There is much emphasis on feeling: hugs, fear, anger. A repeated image of tension between feeling and ideas (the raven).
The big black raven swooped down upon the kayak bobbing on the ocean. Sedna’s father took his paddle and struck at the raven but missed as the bird continued to harass them. Finally the raven swooped down near the kayak and flapped his wing upon the ocean. A vicious storm began to brew. The calm arctic ocean soon became a raging torrent tossing the tiny kayak to and fro. Sedna’s father became very frightened. He grabbed Sedna and threw her over the side of the kayak into the ocean. “Here, he screamed, here is your precious wife, please do not hurt me, take her.”
The raven created the wind. In Germanic myth a raven was Odin’s bird and the wind symbolized Odin. The wind/Odin is another symbol of the animus, unconscious yang, the threatening male spirit which arises in a woman’s psyche and may catalyse development.
What does it mean that the father – who represents conventional consciousness – was attacked by the unconscious spirit? We know already that the father was preoccupied with externals. Again, temporal sequence represents cause-and-effect: because it was superficial, consciousness was attacked. The secret purpose was to deepen consciousness. The more I deny the depths the more fiercely they attack, insisting that I relate to them.
Storm. Photo: source unknown
This interpretation is confirmed by what happened next: the whole ocean, that is, the whole unconscious psyche, became viciously destructive, threatened to drown the father (transform him completely). He threw Sedna to the sea, acknowledging – here is your precious wife – that the sea and the raven were one. He sacrificed Sedna to the unconscious. What does this mean?
The unconscious cannot be conquered and must be respected; if I don’t relate to it, it will inevitably devour me. The father sacrificed his own feminine potential (potential for relatedness); that is, he sought to relate to the unconscious. By his terrible sacrifice he acknowledged the might of the unconscious.
When an artist devotes his or her years to art, the artist may sacrifice human relatedness (with partner, children, friends) in order to forge an individual relationship to the unconscious. The unconscious sometimes violates human values with dreadful demands.
At the collective level the sacrifice is more symbolic, less literal. We go to church or temple each week and give offerings hoping that the unconscious will not demand more.
Sedna screamed and struggled as her body began go numb in the icy arctic waters. She swam to the kayak and reached up, her fingers grasping the side of the boat. Her father, terrified by the raging storm, thought only of himself as he grabbed the paddle and began to pound against Sedna’s fingers. Sedna screamed for her father to stop but to no avail. Her frozen fingers cracked and fell into the ocean. Affected by her ghastly husband’s powers Sedna’s fingers, while sinking to the bottom, turned into seals.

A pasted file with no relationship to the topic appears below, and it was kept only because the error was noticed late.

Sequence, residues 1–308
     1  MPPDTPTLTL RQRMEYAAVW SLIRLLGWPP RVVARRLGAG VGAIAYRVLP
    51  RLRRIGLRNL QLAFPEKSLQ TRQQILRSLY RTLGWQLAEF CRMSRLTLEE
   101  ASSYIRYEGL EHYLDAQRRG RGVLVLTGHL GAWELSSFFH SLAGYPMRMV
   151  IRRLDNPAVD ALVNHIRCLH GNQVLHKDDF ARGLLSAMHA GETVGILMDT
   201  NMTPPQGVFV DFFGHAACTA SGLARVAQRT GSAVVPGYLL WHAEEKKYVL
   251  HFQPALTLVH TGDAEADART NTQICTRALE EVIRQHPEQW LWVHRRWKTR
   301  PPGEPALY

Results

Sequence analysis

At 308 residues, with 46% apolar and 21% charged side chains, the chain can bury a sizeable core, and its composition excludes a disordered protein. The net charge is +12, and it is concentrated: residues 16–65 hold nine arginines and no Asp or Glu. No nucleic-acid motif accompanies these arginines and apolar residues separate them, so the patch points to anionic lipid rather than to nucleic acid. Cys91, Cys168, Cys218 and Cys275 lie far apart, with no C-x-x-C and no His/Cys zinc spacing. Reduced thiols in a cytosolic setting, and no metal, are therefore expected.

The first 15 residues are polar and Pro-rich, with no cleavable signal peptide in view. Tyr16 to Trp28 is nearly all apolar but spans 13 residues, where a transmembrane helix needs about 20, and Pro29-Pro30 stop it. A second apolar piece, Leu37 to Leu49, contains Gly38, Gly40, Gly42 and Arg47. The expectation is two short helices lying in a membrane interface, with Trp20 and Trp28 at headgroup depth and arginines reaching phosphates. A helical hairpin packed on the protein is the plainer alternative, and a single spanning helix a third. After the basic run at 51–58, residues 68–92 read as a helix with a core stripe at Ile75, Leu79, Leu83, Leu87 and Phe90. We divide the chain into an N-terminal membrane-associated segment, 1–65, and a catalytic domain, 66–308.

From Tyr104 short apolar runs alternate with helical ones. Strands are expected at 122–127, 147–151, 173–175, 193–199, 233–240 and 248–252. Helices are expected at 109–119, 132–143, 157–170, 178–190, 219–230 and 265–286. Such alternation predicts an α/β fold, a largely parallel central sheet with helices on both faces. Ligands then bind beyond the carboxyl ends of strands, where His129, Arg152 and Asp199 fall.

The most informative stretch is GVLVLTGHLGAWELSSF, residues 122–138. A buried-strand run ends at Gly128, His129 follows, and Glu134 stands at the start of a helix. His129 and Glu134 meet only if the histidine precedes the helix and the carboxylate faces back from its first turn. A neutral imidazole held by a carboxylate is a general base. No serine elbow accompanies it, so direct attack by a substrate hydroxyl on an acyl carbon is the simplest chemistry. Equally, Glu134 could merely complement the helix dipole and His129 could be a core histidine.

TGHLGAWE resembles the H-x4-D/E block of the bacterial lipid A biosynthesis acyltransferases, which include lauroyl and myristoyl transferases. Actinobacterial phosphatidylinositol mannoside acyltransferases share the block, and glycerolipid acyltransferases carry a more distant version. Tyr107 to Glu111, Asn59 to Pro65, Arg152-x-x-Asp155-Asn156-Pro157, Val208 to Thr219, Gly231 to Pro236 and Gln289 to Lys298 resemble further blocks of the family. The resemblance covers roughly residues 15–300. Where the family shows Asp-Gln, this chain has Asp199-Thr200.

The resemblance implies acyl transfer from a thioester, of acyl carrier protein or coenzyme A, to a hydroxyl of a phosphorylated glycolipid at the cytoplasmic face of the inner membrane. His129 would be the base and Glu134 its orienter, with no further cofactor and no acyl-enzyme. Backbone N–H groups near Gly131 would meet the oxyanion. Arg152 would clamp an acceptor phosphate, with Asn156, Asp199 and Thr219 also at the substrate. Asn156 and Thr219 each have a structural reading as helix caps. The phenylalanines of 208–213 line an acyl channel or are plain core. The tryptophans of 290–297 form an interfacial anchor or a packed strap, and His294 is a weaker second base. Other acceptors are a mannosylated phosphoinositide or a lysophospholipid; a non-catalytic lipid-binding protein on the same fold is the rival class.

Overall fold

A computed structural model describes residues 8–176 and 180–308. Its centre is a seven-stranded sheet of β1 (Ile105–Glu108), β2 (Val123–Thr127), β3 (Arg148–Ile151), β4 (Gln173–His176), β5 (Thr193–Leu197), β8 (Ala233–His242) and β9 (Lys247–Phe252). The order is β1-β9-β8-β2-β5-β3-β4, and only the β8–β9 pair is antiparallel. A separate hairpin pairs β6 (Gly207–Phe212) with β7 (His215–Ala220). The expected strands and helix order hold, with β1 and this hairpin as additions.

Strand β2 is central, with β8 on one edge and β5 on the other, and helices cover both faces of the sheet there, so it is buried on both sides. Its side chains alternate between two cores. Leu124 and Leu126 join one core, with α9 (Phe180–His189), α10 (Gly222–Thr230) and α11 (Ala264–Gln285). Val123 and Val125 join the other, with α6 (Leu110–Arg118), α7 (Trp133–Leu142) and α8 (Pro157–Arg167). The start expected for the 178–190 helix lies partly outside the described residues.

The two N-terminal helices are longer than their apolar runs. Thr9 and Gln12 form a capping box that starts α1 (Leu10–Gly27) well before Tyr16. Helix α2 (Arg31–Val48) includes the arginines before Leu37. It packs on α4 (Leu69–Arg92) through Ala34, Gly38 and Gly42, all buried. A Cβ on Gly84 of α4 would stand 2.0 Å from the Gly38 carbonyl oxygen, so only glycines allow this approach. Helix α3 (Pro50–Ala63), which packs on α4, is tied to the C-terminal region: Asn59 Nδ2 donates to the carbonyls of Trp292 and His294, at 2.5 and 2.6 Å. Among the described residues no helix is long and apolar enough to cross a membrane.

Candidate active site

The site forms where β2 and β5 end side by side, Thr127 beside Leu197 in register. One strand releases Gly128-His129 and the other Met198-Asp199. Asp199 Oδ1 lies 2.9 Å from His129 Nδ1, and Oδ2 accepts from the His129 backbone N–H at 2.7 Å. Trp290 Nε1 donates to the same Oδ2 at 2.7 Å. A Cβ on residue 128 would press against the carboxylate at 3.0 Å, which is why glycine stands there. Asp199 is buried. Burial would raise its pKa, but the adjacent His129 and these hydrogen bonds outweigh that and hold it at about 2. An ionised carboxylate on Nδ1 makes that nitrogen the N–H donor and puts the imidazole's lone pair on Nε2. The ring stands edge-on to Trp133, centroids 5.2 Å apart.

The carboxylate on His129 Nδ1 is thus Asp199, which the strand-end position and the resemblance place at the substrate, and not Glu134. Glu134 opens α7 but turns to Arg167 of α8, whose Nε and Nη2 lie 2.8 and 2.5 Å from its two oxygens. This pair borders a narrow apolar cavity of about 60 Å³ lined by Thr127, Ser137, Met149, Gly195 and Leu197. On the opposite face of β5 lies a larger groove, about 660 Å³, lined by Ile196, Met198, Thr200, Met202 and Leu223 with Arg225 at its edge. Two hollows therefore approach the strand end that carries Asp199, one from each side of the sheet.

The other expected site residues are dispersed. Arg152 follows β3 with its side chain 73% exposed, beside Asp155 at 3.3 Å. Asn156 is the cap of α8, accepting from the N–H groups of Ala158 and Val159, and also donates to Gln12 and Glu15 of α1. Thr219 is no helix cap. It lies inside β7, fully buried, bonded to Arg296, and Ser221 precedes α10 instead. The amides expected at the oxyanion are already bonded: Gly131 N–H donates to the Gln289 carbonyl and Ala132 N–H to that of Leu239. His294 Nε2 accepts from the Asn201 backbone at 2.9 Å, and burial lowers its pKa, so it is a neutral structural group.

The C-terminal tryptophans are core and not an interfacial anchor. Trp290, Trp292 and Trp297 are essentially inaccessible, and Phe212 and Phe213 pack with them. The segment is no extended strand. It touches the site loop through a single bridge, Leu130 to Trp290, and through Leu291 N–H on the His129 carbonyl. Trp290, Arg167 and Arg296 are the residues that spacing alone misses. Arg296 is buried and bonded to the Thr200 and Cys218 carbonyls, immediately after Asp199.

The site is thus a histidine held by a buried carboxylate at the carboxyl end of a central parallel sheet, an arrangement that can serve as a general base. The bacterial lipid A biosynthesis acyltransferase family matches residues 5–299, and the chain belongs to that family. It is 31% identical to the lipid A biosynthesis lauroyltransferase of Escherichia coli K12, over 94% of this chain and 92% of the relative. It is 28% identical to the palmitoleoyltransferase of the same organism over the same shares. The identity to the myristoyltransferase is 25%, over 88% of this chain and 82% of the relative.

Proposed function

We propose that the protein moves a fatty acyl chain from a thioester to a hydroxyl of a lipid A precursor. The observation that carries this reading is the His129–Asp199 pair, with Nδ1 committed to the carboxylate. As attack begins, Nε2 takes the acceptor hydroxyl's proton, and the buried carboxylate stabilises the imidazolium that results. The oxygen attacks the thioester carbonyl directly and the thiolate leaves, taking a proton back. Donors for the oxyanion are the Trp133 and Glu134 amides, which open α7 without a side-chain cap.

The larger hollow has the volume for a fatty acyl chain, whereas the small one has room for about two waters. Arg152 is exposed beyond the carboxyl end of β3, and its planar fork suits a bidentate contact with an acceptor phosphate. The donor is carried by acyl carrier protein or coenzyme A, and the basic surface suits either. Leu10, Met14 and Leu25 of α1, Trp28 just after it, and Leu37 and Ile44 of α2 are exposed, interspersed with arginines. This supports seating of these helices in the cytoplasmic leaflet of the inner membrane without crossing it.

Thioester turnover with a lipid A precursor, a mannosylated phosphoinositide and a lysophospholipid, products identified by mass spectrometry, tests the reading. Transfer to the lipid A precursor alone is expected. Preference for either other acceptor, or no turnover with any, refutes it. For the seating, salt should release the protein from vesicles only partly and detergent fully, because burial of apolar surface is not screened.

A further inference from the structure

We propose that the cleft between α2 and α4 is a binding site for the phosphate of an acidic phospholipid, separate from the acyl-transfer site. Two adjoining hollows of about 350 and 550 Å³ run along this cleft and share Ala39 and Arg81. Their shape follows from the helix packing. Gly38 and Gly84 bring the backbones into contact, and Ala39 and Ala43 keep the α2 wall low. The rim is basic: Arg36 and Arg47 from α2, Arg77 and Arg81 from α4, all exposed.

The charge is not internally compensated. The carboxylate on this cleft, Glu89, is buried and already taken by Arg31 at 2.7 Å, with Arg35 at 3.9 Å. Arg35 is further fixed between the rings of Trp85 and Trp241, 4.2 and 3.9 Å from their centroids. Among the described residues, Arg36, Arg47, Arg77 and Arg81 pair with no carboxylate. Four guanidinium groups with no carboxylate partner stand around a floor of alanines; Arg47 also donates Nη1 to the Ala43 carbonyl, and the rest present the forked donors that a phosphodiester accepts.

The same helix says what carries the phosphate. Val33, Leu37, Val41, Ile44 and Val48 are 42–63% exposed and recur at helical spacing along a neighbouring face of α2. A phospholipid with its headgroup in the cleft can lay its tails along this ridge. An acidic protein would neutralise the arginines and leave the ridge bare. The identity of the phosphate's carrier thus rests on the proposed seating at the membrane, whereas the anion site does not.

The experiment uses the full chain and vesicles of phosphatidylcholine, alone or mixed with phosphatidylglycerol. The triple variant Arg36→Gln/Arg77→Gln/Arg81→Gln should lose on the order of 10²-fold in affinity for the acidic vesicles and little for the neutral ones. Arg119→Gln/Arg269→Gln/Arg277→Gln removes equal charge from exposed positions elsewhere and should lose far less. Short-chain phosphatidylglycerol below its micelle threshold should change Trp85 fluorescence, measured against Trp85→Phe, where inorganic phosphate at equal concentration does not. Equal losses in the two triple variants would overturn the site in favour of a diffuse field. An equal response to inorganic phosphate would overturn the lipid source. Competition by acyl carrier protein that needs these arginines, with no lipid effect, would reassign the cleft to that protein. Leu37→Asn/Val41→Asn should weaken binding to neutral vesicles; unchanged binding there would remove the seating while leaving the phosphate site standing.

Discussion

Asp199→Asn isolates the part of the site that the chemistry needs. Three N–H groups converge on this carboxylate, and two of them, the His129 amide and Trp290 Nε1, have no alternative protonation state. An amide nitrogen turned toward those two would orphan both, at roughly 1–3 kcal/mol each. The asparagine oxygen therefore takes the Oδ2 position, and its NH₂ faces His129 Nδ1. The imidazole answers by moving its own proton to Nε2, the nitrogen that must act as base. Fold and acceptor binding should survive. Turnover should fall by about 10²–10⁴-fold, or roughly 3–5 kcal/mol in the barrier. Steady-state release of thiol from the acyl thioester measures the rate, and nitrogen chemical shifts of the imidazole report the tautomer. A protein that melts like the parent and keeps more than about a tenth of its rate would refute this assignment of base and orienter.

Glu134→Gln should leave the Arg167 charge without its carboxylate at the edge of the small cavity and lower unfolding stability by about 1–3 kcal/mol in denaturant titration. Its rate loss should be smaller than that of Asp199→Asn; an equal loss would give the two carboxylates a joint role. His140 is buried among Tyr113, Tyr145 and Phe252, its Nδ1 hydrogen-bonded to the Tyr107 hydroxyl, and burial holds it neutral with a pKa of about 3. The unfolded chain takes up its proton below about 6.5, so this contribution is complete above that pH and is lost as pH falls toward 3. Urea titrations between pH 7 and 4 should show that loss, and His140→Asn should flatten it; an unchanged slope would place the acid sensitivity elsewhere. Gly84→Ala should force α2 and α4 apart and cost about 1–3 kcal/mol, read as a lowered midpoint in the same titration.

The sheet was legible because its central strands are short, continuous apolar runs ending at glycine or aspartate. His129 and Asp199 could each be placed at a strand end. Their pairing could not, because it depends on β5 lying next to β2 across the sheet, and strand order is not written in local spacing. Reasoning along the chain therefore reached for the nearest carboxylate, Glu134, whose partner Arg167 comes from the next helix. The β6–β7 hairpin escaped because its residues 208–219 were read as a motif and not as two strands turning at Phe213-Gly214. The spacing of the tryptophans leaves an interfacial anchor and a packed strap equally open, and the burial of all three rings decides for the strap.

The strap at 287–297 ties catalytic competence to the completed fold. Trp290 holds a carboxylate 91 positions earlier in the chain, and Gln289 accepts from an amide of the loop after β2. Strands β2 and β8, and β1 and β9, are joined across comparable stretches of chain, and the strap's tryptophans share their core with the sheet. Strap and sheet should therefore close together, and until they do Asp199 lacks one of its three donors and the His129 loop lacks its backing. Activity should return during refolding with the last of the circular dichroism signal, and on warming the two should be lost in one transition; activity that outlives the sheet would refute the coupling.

Cape Fur Seals. photo: BBC, planet-earth/images.
Sedna attempted again to swim and cling to her father’s kayak. Again he grabbed the paddle and began beating at her hands. Again Sedna’s hands, frozen by the arctic sea again cracked off. The stumps began to drift to the bottom of the sea, this time turned into the whales and other large mammals. Sedna could fight no more and began to sink herself.
When the father sacrificed to the unconscious he evoked its maternal aspect: it began to provide for conscious needs. So Sedna’s fingers and hands become seals and whales.
Sedna’s suffering makes sense on the external level but what does it mean symbolically? Why is her anguish so emphasized? The father’s sacrifice is what Jung called an ars contra naturam, a true painful sacrifice. Like Abraham preparing to sacrifice Isaac, Sedna’s father opposed human feeling. Analysis, for example, is painful and exhausting but necessary if consciousness is to increase. There is no easy way out.
The father abused Sedna just as men abuse seals by clubbing them to death: Sedna became Mother Nature. The story portrays both child abuse and our abuse of nature. Both of these symbolize the aggression of consciousness against the unconscious. The story of the dragon fight shows such aggression from the point of view of consciousness, while Sedna’s story – from a people whose lives were more closely intertwined with nature – is more sensitive to nature’s suffering. The story asks: ‘what is the psychological effect of our aggression against the unconscious?’